Groaning slightly, I sat up and rubbed my eyes. Sleeping on the couch always gave me a fuzzy soreness all over, and I just sat there for a moment, letting the ache subside. Then I grabbed my phone and checked the time.

Seven in the morning. No way Zoey would be awake yet.

No matter. I got up and started my morning routines. Coffee maker on. Shower, shave, and fresh clothes. My stomach began to rumble, so I opened up the freezer and grabbed the box of ‘pancake sausage on a stick’ we had inside.

It felt suspiciously light.

I stopped, felt the weight in my hands, and opened the top.

It was empty. Empty, that is, save for the trash of the microwavable breakfasts. Thin sticks and plastic wrappers were shoved inside, pancake-sausage combos they once contained now gone.

I reached for the other box of breakfast foods we had, these little mini egg and cheese sandwiches.

It, too, felt strangely weightless.

A look inside confirmed more of the same: wrappers, small papers the sandwiches had been wrapped in, but no sandwiches themselves.

A small twist of worry began to sit in my stomach.

I opened the fridge. The little yogurt cups we had were gone. The saran-wrap sandwiches we had gotten from a local farmer’s market were gone. Even the two apples we had bought from the same place were missing.

The only thing still inside the fridge was the Styrofoam box I recognized from our Denny’s dinner last night.

Hesitantly, I shook it.

It felt empty.

“Holy shit….” I muttered under my breath. Last night, someone had gone through all of our food.

And there was only one suspect.

“Mornin’” Zoey grumbled from behind me. She gravitated over to the coffee maker and began to pour some into a mug.

I turned to her. “Get a little hungry last night, did we?”

“I’m sorry about waking you last night, okay?” she replied. “Let’s just move on from that.”

Even I could see the guilt on her face.

I held up the box of pancake sausages. “What the hell, Zoey?”

She blushed. “So I got a little carried away last night…”

“Carried away? Carried away? Zoey, you ate a whole week’s worth of food in a single night! All of the food here, gone.”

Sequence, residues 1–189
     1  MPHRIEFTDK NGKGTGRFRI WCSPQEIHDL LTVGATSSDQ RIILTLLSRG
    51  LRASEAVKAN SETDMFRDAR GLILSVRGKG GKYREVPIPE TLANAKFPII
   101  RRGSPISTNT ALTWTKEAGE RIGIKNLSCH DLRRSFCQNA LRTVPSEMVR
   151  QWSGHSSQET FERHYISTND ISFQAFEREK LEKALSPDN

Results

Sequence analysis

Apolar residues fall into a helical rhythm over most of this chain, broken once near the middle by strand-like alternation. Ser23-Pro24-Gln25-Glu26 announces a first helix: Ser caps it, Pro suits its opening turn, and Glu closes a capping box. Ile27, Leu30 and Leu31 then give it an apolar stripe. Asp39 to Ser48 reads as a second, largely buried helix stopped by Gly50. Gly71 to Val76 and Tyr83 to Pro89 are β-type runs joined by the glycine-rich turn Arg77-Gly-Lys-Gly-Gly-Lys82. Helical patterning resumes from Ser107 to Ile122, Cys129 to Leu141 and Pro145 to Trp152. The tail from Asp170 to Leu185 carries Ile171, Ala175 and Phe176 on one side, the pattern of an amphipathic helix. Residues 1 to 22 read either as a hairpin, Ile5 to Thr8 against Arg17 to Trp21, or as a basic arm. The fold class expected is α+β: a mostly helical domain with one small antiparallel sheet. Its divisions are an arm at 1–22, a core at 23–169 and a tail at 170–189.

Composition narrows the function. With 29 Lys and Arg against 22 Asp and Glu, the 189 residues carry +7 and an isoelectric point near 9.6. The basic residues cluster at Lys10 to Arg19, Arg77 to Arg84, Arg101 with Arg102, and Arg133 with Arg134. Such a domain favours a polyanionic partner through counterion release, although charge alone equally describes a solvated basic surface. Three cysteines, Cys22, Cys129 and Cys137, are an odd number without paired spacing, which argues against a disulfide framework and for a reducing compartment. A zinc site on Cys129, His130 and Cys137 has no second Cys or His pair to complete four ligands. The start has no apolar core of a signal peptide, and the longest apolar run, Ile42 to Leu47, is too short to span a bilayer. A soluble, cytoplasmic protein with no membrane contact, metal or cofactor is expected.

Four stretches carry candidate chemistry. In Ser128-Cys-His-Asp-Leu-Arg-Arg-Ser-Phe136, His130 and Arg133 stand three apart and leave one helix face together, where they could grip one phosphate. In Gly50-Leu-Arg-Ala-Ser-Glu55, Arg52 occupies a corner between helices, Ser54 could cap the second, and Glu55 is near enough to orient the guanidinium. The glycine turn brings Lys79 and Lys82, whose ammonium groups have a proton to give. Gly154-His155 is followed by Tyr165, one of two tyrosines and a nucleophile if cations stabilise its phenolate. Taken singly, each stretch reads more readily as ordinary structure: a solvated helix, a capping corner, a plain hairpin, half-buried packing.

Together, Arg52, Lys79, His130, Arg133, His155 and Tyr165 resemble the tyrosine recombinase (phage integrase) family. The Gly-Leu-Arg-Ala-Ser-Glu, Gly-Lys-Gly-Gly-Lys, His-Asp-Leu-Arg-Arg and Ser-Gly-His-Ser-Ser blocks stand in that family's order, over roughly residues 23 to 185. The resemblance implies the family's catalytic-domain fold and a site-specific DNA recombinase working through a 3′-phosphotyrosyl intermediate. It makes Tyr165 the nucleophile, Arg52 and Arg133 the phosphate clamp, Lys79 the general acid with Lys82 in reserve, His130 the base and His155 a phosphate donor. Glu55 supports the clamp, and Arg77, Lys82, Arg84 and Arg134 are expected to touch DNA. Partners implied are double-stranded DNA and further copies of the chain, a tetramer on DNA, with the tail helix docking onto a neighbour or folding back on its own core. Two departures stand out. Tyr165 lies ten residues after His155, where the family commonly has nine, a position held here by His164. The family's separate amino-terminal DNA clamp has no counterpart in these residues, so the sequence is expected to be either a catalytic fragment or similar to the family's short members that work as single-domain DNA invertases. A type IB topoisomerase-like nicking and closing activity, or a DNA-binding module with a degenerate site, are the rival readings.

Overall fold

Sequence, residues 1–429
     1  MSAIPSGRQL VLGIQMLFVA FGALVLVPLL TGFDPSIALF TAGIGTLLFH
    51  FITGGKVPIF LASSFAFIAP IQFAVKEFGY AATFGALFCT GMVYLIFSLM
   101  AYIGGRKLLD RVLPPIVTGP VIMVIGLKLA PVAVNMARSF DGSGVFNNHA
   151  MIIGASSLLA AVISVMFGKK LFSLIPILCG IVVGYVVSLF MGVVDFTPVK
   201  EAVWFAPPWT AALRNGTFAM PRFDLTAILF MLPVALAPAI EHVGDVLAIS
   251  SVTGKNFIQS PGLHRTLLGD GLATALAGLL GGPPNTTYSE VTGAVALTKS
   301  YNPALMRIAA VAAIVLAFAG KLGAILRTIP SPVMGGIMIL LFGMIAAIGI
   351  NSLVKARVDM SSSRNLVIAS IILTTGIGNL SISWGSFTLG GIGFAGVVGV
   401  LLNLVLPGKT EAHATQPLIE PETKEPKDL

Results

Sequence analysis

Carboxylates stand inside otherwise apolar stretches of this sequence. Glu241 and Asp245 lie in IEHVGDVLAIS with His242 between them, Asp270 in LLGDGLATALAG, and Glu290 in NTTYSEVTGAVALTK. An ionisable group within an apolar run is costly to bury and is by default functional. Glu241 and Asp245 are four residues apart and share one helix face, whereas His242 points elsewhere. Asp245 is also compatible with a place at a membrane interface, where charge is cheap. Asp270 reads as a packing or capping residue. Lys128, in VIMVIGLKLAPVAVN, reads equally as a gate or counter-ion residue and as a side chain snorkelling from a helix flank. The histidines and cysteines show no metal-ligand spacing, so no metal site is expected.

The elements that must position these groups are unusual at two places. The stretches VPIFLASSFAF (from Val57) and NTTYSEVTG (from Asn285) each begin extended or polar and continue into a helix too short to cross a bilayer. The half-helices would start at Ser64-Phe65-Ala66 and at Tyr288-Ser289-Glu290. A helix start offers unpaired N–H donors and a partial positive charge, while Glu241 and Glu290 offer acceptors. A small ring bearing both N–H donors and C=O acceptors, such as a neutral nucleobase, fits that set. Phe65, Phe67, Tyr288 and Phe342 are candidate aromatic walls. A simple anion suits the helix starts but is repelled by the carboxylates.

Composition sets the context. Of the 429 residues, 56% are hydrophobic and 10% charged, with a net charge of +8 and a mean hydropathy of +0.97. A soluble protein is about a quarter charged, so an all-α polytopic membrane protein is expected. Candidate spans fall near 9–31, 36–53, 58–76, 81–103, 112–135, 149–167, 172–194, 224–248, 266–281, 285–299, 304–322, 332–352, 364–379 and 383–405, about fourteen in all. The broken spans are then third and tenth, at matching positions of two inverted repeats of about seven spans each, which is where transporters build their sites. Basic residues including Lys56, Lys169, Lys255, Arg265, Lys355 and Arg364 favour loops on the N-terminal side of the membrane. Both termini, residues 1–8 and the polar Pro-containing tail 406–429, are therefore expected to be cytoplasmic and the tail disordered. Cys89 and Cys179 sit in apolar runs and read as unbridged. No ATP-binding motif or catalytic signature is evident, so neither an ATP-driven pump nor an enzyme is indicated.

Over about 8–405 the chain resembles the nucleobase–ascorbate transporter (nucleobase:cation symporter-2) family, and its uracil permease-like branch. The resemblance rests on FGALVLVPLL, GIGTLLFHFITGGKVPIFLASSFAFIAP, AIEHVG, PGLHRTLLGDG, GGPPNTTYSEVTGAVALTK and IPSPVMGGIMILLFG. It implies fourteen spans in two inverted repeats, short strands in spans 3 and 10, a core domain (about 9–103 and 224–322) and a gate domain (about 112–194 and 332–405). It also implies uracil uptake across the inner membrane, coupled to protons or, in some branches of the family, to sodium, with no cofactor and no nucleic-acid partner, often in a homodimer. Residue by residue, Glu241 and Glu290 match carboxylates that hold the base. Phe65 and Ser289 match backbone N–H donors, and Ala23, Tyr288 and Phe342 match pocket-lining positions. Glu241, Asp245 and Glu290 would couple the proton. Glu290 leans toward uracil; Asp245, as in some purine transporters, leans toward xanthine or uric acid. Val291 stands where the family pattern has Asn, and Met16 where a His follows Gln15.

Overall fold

“I’m sorry!” she said. “I’ll replace it! It won’t happen again, I promise.”

“Any stomach pains?” I interrupted.

She looked taken aback. “What?”

“Pains, in your stomach.”

“Um… no?”

“Nausea? Feeling overly tired? Diarrhea?”


“They’re symptoms of intestinal parasites,” I explained. “Might be why you went on a crazy eating binge last night.”

She raised an eyebrow at me. “You think I have parasites?”

“It’s either that or a magic curse,” I said.

She groaned and threw a hand up. “Of course. Old woman Crow and that ‘hungry’ comment.”

“Hey, you remember the promise we made after ‘Red Like Roses’? We have to take this stuff seriously. And besides…” I lowered my voice. “...eating that much food isn’t just unhealthy, Zoey. It’s unnatural.”

She sighed and collapsed in the booth. “You’re right, you’re right… I don’t have any of those symptoms.”

“You’re sure?”

“Yes, I’m sure. I don’t have parasites, Liam.”

“We should really take you to a hospital, anyway. Just to make sure.”

Zoey eyed me. “You know we can’t. Not with the money we have right now.”

“And I think we both know who the more probable culprit is.” I sat down across from her.

Neither of us spoke.

“What do we do?” Zoey asked. She’d gone very pale and very quiet.